Eddie Butler

Analyzing Cole Hamels' fit with the Cubs

Analyzing Cole Hamels' fit with the Cubs

After a full news cycle filled with reports, the Cubs made the Cole Hamels trade official Friday morning.

The return for the veteran starting pitcher is Eddie Butler and prospect Rollie Lacy.

In Hamels, the Cubs are getting a former NLCS and World Series MVP (2008) and four-time All-Star who has finished in the Top 10 in NL Cy Young voting four times. Of course, he's now 34 (will turn 35 in December) and in the midst of the worst season of his career (5-9, 4.72 ERA, 1.37 WHIP).

But the Cubs can take solace in the fact that Hamels is moving from facing the designated hitter in the American League to an NL team with an elite defense behind him and a park that often plays like a pitcher's haven with the wind blowing in. 

Hamels is also 1-7 with a 6.41 ERA and 1.51 WHIP at home this season while pitching in a hitter's paradise in Arlington. On the road, his numbers are much better — 4-2, 2.93 ERA, 1.23 WHIP. 

Hamels also has an 11.12 ERA in July, surrendering 21 runs in 17 innings pitched. Before that, he was actually having a really nice season — 3.61 ERA, 1.27 WHIP, 97 strikeouts in 97.1 innings. You can't just throw out a month's worth of action on a player's stat line, but for a guy with a 3.43 ERA, 1.17 WHIP and 152 wins on his career resume, the track record indicates he should be able to right the ship at some point.

Hamels is making $23.5 million this season and has a $6 million buyout (or $20 million team option) for 2019, but the Cubs will reportedly only have to pay $5 million of Hamels' remaining contract. That should help them stay under the luxury tax in 2018, which was a goal of the front office this season ahead of the stud-filled free agent pool coming this winter that includes Bryce Harper and Manny Machado.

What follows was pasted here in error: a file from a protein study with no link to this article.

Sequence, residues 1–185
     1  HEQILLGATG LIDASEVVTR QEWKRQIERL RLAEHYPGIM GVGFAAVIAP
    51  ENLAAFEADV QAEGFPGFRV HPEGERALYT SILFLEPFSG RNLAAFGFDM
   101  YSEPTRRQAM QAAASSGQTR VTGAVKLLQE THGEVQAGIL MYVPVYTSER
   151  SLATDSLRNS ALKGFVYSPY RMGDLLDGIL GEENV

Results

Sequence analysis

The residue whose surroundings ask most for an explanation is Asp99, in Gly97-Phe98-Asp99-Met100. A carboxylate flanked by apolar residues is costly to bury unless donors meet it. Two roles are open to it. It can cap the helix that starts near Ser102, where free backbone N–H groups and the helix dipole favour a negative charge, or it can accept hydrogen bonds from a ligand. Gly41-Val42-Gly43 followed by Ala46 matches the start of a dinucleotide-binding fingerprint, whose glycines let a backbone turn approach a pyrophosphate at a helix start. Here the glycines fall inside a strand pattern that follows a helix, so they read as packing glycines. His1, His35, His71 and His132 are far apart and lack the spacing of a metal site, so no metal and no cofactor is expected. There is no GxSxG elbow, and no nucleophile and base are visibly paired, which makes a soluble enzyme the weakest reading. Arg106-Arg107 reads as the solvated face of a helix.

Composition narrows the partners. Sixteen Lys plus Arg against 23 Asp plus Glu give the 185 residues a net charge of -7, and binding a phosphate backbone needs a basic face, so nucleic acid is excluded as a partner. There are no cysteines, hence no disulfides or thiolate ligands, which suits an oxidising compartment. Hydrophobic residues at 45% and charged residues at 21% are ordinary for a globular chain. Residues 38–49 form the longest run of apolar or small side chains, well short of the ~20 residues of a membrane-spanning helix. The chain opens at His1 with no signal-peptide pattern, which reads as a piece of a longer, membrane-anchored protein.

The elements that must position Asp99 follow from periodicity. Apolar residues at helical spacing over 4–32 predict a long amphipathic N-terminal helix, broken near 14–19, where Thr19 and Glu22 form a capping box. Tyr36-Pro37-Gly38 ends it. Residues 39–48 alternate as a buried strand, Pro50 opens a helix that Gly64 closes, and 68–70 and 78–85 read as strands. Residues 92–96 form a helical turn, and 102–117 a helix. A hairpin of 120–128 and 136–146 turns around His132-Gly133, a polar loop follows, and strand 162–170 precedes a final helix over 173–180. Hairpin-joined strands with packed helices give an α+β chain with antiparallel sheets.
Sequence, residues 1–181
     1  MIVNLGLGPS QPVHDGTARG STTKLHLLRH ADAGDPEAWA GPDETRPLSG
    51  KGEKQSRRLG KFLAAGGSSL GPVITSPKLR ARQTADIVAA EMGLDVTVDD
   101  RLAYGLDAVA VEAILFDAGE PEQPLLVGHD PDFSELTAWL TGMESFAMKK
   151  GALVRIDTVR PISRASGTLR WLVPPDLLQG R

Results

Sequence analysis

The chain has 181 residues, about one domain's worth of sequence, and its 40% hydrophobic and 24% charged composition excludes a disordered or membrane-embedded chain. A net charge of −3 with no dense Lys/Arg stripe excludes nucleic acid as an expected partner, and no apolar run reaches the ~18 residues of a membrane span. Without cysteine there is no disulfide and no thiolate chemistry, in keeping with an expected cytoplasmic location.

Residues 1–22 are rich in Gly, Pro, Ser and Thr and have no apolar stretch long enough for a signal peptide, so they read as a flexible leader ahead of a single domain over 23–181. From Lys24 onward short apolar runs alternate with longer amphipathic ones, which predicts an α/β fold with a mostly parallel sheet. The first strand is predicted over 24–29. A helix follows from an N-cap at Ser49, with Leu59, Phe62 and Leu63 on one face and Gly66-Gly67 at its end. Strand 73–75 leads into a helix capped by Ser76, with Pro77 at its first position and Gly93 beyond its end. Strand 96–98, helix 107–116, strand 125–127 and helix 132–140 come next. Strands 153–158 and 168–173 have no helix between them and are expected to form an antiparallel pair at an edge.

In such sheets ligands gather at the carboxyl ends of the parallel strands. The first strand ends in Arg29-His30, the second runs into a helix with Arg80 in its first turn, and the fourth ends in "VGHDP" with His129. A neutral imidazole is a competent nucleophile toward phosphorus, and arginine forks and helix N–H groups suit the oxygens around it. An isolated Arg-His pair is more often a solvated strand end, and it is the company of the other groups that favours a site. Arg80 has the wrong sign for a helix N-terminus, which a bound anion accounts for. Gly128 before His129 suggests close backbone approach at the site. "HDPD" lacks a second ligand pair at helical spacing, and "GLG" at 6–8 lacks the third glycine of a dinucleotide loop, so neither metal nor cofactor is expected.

It is not yet known exactly how Cole Hamels will fit in on the Cubs pitching staff, but with Tyler Chatwood's continued control issues and Yu Darvish's health a major question mark, Hamels gives the Cubs another option in the rotation with plenty of experience in a pennant chase and the postseason. 

The Cubs could opt for a six-man rotation — something they've been wanting to do for a while. That would help ease the burden on a rotation that features two 34-year-olds (Hamels and Jon Lester), a pitcher currently on track to set a new career high in innings (Mike Montgomery), a guy who experienced shoulder fatigue right before the All-Star Break (Jose Quintana) and, of course, Chatwood and his mechanical issues that have seen him walk 85 batters in only 94 innings.

With Hamels in tow, the Cubs could also opt to move Chatwood into the bullpen in an attempt to get his mechanics smoothed out. At the moment, Montgomery (3.02 ERA, 1.18 WHIP as a starting pitcher) looks to have a rotation spot locked down as long as he can stay fresh down the stretch.

Hamels has pitched some big games against Joe Maddon's teams, including the 2008 World Series against Maddon's Tampa Bay Rays in which the southpaw allowed only 4 runs in 13 innings across 2 starts.

"He's been pretty good," Maddon said Thursday of Hamels. "I've not liked him for a long time. He's pitched some really big games against teams I've been involved with and has done really well. He's a great competitor. Got good stuff, but he competes and he knows what he's doing out there. So I have to rank him as a pretty competent left-handed pitcher."

Butler was out of minor-league options, so his departure clears room on the roster for Hamels immediately. Butler — acquired in a trade with the Rockies before the start of the 2017 season — was 5-4 with a 3.98 ERA and 1.40 WHIP in 72.1 innings in his Cubs career, spanning 11 starts and 10 relief appearances.

The Cubs just activated Butler from the disabled list earlier this week after he had missed three months with a groin injury. 

Lacy, 23, was an 11th-round draft pick last summer and is 5-2 with a 2.45 ERA and 1.10 WHIP this season while splitting time between the Cubs' Class-A South Bend and Advanced Class-A Myrtle Beach affiliates. 

Lacy was not ranked on MLB.com's Top 30 Cubs prospect list updated last month after the 2018 MLB Draft.

A case of good news/bad news for Cubs on injury front

A case of good news/bad news for Cubs on injury front

It was a mixed bag for the Cubs on the injury front Tuesday.

On the same day Eddie Butler was activated from the 60-day disabled list, Yu Darvish threw a 16-pitch bullpen and felt OK after, but Kris Bryant was held out of the lineup as his ailing shoulder flared up.